I just watched today on YouTube a video of the mock trial of Goldman Sachs that was held at Occupy Wall Street last week. While it’s admittedly tragicomic that we’re now more than three years into the current debt crisis and still nobody responsible (save Bernie Madoff) has gone to jail, as Matt Taibbi pointed out a while ago, I don’t agree with Chris Hedges that the main thing now is to return to the rule of law in finance. I think another quote from David Malone‘s excellent book The Debt Generation (2010) is in order here (I promise to write a review of the book later):
“If Goldman Sachs were to be found guilty¹, the case would no doubt be cited as an ugly ‘bad apple’ story, perpetrated by ‘rogue traders’. It would be a cautionary banker’s tale used to highlight their own horror at such ‘isolated’ bad practice. But, if you look around, it isn’t just a one-off. It’s not a case of one bad apple but more like an infected orchard.
There are currently investigations into the dealings of most of the world’s biggest global accountant firms, who along with the banks they ‘audit’, make up the muscle and sinew of the financial world.
All the investigations point to accountants seemingly blind to the very things they are supposed to be looking for. We see mortgage brokers not properly checking on the real ability of their buyers to pay the mortgage. We see the banks and brokers securitising those loans not properly checking the real quality of those loans. We see the banks’ auditors not properly checking the banks, and we see the ratings agencies not properly checking on the real quality of the securities but stamping almost anything as AAA guaranteed.
What we see are whole chains of people (and it’s people we are talking about here not some faceless automated ‘system’) choosing to ignore the law, and their moral obligation, and instead seize their share of the rotten profit. In many cases the bankers, their accountants and even their regulators are the same people who revolve from one position to another. So it’s not just Goldman Sachs bankers. Not just one bad apple. Not even just one bad tree. What we see is corruption from the roots up to the very top. Any horticulturist will tell you when an orchard is infected you cannot prune or simply remove the odd tree. You have to tear every last tree out by the roots and burn the lot. I’d say this is good and sound advice.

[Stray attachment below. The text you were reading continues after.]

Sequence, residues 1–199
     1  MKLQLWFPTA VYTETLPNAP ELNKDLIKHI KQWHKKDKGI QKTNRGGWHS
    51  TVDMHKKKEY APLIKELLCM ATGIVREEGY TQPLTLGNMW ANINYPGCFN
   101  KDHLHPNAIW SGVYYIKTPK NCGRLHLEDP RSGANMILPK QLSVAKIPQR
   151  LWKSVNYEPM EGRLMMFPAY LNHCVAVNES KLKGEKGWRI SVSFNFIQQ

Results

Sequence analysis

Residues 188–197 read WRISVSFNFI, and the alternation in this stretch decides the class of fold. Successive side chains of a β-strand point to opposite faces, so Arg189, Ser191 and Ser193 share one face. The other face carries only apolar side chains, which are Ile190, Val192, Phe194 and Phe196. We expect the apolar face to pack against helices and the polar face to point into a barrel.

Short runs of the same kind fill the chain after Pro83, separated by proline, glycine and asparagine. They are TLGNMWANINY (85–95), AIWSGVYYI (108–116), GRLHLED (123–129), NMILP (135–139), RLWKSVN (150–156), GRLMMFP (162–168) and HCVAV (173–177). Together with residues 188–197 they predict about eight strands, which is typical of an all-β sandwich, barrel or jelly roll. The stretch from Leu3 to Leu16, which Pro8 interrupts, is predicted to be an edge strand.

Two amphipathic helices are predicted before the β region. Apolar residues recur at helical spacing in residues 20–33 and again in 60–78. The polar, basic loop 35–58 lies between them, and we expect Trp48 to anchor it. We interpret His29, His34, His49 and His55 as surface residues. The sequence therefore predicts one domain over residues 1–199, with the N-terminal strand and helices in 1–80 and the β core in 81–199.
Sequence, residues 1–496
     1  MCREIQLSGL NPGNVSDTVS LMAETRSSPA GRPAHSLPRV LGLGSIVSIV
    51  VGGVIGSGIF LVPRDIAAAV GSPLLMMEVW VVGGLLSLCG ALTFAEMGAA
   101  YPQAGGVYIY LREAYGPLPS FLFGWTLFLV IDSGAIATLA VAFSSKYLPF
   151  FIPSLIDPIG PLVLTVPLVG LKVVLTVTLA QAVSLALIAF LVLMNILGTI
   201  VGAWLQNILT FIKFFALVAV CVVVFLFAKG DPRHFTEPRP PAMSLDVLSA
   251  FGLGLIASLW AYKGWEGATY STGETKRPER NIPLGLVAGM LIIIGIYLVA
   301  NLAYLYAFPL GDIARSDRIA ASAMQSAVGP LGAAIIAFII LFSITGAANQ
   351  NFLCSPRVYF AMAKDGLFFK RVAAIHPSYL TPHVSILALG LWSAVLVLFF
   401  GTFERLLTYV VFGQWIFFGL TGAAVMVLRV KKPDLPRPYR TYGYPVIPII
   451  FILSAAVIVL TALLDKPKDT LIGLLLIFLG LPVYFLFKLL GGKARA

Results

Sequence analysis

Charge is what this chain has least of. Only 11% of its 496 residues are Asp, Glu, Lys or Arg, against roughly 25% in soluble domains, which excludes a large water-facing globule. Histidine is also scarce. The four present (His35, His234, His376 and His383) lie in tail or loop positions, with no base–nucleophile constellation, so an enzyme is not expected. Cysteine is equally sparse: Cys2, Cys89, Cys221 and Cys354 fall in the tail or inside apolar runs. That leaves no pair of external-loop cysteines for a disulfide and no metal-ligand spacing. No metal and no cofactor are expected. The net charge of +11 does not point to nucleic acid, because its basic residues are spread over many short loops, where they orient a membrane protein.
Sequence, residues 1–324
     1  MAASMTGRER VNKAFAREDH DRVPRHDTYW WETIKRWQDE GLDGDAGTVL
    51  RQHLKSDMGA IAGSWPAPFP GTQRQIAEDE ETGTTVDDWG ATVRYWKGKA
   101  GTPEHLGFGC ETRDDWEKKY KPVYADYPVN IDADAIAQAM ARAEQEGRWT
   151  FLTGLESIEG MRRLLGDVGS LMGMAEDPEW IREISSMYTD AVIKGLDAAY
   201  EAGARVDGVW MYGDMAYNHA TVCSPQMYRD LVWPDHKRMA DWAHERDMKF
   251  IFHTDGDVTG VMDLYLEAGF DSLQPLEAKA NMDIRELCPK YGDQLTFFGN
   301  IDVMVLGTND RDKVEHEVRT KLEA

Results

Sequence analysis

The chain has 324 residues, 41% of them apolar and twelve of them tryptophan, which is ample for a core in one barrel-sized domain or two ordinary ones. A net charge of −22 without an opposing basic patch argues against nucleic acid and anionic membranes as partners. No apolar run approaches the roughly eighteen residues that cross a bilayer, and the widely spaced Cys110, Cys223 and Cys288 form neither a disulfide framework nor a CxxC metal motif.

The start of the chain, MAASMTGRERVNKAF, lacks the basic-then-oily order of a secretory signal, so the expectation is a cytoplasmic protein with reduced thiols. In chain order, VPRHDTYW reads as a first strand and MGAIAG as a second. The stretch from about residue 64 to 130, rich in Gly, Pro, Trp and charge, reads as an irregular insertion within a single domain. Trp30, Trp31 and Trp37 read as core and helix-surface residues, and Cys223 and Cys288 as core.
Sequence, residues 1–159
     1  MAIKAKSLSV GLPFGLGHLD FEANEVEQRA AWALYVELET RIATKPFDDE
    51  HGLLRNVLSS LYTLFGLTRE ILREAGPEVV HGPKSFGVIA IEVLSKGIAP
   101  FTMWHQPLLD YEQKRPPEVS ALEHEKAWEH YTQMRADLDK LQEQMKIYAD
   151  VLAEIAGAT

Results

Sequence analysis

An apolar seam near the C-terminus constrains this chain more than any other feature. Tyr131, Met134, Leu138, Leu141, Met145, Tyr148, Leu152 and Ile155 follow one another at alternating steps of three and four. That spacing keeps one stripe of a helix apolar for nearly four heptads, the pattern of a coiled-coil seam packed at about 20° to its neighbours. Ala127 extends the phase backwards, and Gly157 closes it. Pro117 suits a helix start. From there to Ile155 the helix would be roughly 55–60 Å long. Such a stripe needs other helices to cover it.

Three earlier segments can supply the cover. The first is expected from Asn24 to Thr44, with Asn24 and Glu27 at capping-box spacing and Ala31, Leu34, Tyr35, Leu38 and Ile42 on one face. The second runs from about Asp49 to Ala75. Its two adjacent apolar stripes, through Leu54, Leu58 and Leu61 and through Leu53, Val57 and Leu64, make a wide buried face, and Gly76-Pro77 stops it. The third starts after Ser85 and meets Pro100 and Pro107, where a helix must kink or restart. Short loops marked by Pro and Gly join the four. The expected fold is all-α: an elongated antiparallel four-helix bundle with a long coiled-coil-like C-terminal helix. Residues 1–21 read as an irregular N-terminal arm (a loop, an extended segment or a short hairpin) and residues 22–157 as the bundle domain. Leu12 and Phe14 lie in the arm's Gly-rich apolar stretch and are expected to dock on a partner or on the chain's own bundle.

The financial system has become systemically corrupt. It is no longer fit for, or even designed, for the purpose of spreading wealth. It has become a means of looting wealth from those foolish enough to still observe the laws, and transferring it to those who regard themselves as far too clever and superior to have to bother with such trifling niceties.”
The keyword here, I think, is “systematically.” The problem we have is not individual greed or criminality, but a system that engenders and rewards unscrupulous profit-making, and nothing else. In this system laws are not seen as absolute limits but rather as obstacles to be negotiated.
I think the root of the problem is the fact that the financial system has become totally alienated from the real world. In the fantasy land of finance wealth can be created out of thin air and brokers bet on securities like they were race horses. Living in this fantasy land, these people fail to see that their decisions actually have effects on the lives of real people in the real world. Morality means little in a fantasy land. Morality can only arise from being an integral part of a genuine human society.
Nothing in this current financial system is worth salvaging. What we need is a totally new banking system that is wholly owned by the people, outlaws speculation and discourages hoarding of resources. But that’s not enough. We also need to take the production of those goods that are necessary for the sustenance of human societies back from the publicly traded corporations. That’s how we starve the vampire squid.
¹ Malone is referring to the fraud suit filed by the Securities and Exchange Commission in April 2010.